The KPPI Portrait
By Janet Dahmen
This is the first installment in a project management series that discusses key project performance indicators (KPPIs). These indicators are used like the gauges on a car to evaluate and measure a project’s performance level. The Project Management Institute has defined 10 knowledge areas that focus on the activities needed to manage a project.
Program managers are always interested in finding out what is really happening on a project; and by using a combination of these indicators they are able to assess what areas may need additional support or what areas are at risk and need to be mitigated quickly. This series will pull from the knowledge areas of Project Integration, Scope, Time, Risk, Quality, Cost, Communication, Procurement, Stakeholder, and Human Resource Management.
KPPI # 1 – The tip of the iceberg: Progression 2 Plan
The Project Integration knowledge area focuses on the processes that are implemented to define and control a project. When considering the various performance indicators within this area, the first that comes to mind, is the evaluation of the project progression against plan. Most project managers will report the progress against the baseline plan and indicate which activities are currently ahead or behind schedule. This indicator is the most sensitive gauge, in that it is the first symptom displayed when a project is going astray. It is also the warning sign that more analysis is needed. A project manager needs to answer these two initial questions:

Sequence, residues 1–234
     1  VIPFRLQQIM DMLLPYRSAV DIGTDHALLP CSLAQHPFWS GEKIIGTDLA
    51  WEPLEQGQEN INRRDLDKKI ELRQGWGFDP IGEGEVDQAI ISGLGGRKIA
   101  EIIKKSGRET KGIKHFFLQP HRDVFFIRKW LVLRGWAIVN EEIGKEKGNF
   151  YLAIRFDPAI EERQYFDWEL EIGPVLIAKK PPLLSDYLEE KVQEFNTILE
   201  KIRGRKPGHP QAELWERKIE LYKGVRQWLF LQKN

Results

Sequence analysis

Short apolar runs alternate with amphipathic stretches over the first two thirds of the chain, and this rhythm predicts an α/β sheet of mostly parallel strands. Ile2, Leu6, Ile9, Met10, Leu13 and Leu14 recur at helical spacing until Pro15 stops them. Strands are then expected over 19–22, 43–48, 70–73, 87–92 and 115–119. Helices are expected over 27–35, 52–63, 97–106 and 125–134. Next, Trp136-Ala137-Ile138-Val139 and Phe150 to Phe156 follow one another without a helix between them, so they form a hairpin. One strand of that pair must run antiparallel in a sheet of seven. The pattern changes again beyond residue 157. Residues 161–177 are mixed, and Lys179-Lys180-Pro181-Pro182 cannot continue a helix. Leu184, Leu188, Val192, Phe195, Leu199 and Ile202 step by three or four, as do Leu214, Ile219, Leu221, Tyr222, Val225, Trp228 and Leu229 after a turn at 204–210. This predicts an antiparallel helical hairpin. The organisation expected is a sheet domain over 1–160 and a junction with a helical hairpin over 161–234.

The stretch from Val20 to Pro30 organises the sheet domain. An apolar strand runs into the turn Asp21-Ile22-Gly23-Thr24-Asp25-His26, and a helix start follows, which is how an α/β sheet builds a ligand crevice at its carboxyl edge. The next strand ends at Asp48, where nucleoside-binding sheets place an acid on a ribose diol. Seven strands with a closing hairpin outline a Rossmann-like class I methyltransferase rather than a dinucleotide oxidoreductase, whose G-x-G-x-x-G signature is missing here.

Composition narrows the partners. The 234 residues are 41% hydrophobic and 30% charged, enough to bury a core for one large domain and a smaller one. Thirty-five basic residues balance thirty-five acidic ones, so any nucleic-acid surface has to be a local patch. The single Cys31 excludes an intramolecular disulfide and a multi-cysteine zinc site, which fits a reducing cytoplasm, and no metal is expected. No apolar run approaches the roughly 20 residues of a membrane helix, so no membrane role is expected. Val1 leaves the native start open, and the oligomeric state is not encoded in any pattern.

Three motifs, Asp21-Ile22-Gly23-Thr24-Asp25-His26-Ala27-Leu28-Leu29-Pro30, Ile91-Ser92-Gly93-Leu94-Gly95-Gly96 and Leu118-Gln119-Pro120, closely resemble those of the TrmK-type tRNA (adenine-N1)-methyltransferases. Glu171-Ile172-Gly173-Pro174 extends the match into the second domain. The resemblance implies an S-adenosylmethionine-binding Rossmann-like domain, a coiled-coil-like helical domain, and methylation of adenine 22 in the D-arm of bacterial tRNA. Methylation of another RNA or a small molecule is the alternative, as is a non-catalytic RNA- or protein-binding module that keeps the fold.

1) What is impacted by the current state?
· Has the project’s critical path been altered?
· Are there other dependencies outside of this project that either have been or will be impacted by the current state?
In order to address the issue, the next question must be answered:
2) What is the real reason behind the current state?
Failure to progress according to plan is the most common symptom exhibited when something else is wrong. It is the initial warning sign and the first indication that management must dig deeper. Root cause analysis will include evaluating resource effectiveness, technical stability, and diving into the other controlling processes around issue, risk, scope and quality. The only way to identify the best corrective action is to ensure you have uncovered the real root cause.
The next installment in this series will discuss the KPPI within the Project Integration knowledge area that focuses on governing & tracking issues; and discuss how this indicator can impact KPPI #1.
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Janet is Avout’s Delivery Services Partner who focuses on ensuring the overall effectiveness and quality of each engagement. She has over 20 years of project management experience in the IT industry, specializing in Oracle new technology implementations.